A hospital boss who quit her failing NHS trust complaining “life’s too short” was handed a payoff worth £240,000.

Chief executive Siobhan McArdle told her 9,000 staff she was leaving because she could not face making more cuts to key NHS services.

But figures just released show her departure left taxpayers paying for an exit deal equivalent to a year of her salary.

She also picked up £22,000 in overtime pay – almost as much as the average member of her staff earned in a year.

Her departure from South Tees NHS Foundation Trust came just weeks after a critical inspection found senior executives were out of touch with problems facing frontline workers.

Meanwhile NHS workers have to protest for a pay rise despite putting their lives at risk to help people

Urgent safety improvements were ordered in the wake of the checks on services for 1.5 million people in Teesside and North Yorkshire, including the main hospital in Chancellor Rishi Sunak ’s Richmond constituency.

Ms McArdle, 52, had been chief executive for four years.

She picked up a total of £382,000 in 2019-20 after quitting her job last September.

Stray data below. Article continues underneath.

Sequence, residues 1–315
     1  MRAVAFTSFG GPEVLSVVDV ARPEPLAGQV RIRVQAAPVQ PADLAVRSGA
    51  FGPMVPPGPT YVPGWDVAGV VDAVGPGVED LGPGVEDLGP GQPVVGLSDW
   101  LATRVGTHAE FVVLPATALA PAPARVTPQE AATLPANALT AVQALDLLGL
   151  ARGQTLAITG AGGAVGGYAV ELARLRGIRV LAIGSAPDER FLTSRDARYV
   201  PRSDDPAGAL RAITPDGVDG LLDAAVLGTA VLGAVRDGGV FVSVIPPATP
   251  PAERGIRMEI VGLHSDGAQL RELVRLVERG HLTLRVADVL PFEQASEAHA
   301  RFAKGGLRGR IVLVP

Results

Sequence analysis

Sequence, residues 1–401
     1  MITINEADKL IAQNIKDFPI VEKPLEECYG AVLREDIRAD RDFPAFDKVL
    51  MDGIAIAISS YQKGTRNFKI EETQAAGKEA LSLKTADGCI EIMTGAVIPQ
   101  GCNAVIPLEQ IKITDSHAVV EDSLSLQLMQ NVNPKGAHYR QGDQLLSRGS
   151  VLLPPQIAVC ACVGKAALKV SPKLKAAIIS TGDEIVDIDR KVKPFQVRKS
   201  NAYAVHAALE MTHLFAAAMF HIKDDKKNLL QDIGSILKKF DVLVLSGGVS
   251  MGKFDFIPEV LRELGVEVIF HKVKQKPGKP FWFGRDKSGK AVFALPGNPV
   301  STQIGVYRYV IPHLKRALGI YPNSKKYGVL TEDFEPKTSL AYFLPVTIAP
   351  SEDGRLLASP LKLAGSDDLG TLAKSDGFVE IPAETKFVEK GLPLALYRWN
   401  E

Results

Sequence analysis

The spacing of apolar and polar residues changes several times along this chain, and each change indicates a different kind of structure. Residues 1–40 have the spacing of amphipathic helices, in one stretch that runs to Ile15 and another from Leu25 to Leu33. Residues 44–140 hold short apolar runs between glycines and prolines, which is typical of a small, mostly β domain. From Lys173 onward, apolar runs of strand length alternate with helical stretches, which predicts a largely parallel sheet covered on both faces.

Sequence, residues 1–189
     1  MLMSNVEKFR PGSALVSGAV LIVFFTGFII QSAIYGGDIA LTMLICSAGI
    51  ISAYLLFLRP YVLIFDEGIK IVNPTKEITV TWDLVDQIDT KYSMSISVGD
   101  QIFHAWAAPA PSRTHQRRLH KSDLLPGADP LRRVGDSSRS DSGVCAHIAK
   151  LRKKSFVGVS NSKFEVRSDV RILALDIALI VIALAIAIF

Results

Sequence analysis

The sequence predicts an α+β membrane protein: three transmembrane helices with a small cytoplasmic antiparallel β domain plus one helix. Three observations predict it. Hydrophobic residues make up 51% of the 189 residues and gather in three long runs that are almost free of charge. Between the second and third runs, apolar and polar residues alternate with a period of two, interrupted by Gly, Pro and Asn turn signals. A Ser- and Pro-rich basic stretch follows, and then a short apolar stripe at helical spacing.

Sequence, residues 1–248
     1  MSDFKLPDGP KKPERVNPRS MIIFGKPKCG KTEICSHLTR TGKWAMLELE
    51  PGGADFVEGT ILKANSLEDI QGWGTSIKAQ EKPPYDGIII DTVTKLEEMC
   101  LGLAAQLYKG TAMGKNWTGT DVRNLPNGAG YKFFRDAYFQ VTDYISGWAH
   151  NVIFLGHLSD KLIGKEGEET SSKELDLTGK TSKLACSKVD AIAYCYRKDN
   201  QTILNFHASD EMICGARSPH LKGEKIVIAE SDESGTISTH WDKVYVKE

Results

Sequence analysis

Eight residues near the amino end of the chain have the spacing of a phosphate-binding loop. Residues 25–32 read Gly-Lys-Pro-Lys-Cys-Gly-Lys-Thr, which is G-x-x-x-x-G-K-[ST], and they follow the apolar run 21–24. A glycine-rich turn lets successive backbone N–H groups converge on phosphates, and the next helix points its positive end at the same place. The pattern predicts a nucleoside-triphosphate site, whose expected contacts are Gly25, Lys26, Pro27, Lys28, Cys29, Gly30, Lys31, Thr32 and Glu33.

That included her salary for six months of £120,000 and overtime payments of £22,000.

On top of that she received £180,000 in lieu of notice and a further £60,000, equivalent to three more months’ pay.

Unite regional officer Neil Howells said: “The eye-watering payoff will cause revulsion for those NHS staff, many lowly paid, who have put their lives on the line combating Covid-19.

“It’s not as if South Tees NHS Foundation Trust were flourishing under her leadership.

“Ms McArdle should give a part of her payoff to med­ical charities to help those for whom, in her phrase, ‘life is just too short’.”

Last year The Sunday Mirror revealed Ms McArdle billed her own health trust for £149 to pay parking fines she had received – while trust staff had handed over £1.9million for parking at work.

The trust said: “Since the former chief executive stepped down, the organisation has undergone a number of significant changes.

“Our clinicians are being empowered to take decisions about how we allocate resources and deliver care.”